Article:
Photo by Max Cooper
For the first time in several years, the vice chair position on the Buncombe County Board of Commissioners is being contested.
Democrat Holly Jones and Republican Joe Belcher are both vying for the job, which is determined by a simple majority vote of the commissioners.
Historically the post has largely been ceremonial, with duties mostly limited to presiding over meetings when the chair is absent. However, the job does pay more: Regular commissioners earn $26,475 per year and the vice chair makes $30,732 (the chairmanship pays $34,989).
In addition, the job might have symbolic political significance, indicating a future interest in the chairmanship. Current Chair David Gantt, a Democrat, was previously vice chair before defeating Republican Nathan Ramsey in 2008 to earn the top job.
But for now, both Jones and Belcher say their interest shouldn’t be seen as a sign that they’ll run for chair one day.
“I’m not pursuing vice chair because I’m interested in chair,” Jones maintains.
Jones is the only member of the board other than Gantt who has previous experience as a commissioner, who was recently re-elected to a second four-year term. And she argues that experience makes her the best candidate.
“I’m familiar with systems and procedures,” she says. “So I think I would do a good job in that regard. In the infrequent times David has to be out of town, I think it’s really important that someone’s well-versed in how things run. … I’m happy to play that role and offer that service.”
Meanwhile, Belcher maintains that his appointment could help build a sense of bipartisan accord.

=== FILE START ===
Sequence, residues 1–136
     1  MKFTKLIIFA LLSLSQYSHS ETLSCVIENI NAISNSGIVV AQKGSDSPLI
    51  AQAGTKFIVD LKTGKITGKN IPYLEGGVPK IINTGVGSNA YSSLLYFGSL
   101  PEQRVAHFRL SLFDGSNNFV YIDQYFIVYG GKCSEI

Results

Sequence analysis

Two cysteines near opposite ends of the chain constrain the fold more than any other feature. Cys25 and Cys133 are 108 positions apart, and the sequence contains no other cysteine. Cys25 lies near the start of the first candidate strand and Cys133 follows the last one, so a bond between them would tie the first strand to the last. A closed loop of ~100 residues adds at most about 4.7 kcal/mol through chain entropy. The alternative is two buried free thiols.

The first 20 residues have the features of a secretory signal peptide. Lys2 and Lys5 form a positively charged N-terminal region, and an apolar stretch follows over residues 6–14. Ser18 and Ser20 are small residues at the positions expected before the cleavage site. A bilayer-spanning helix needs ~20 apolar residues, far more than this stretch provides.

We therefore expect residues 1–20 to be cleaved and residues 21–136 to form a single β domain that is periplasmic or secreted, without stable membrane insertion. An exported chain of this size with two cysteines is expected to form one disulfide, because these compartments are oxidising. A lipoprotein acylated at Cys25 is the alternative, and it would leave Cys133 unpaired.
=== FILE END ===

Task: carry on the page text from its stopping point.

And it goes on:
“I feel like I could bring some consensus to the board and be a help that way,” he says. “I want to grow as a leader. I’m not interested in going after a chair position or anything like that. I want to be able to help the entire board and help the county; I can contribute there.”
The board is currently made up of four Democrats and three Republicans. The Jan. 15 swearing-in of Democrat Ellen Frost gave her party the majority after a long delay due to a series of legal challenges to the results by her District 2 Republican opponent, Christina Kelley G. Merrill.
The decision over the vice chairmanship could be the new board’s first split vote, with Frost’s narrow win tipping the balance in Jones’ favor.
Frost says she supports Jones, echoing her case. “We need someone on [the board] who has been there and done that, who knows procedure and policy. …who knows the ropes,” she maintains.
Beginning in 2008, former Vice Chair Bill Stanley was appointed unanimously to four consecutive one-year terms. The 82 year-old Stanley opted not to run for re-election last year after serving for 23 years on the board.
The commissioners will likely elect the new vice chair at their next meeting on Feb. 5.